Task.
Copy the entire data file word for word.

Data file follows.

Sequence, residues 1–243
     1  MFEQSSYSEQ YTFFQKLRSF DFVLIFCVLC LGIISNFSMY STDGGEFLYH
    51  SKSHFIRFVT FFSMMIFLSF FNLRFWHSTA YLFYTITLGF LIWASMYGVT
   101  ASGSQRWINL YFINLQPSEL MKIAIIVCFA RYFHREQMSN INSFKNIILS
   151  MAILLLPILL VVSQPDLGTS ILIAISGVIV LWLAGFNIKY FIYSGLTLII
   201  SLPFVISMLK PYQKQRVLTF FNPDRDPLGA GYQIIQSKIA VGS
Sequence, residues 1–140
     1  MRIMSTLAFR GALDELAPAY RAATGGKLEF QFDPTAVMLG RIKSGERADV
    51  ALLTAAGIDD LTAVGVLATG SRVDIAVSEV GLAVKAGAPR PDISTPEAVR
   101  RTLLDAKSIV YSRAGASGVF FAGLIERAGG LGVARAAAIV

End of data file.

Sequence, residues 1–243
     1  MFEQSSYSEQ YTFFQKLRSF DFVLIFCVLC LGIISNFSMY STDGGEFLYH
    51  SKSHFIRFVT FFSMMIFLSF FNLRFWHSTA YLFYTITLGF LIWASMYGVT
   101  ASGSQRWINL YFINLQPSEL MKIAIIVCFA RYFHREQMSN INSFKNIILS
   151  MAILLLPILL VVSQPDLGTS ILIAISGVIV LWLAGFNIKY FIYSGLTLII
   201  SLPFVISMLK PYQKQRVLTF FNPDRDPLGA GYQIIQSKIA VGS
Sequence, residues 1–140
     1  MRIMSTLAFR GALDELAPAY RAATGGKLEF QFDPTAVMLG RIKSGERADV
    51  ALLTAAGIDD LTAVGVLATG SRVDIAVSEV GLAVKAGAPR PDISTPEAVR
   101  RTLLDAKSIV YSRAGASGVF FAGLIERAGG LGVARAAAIV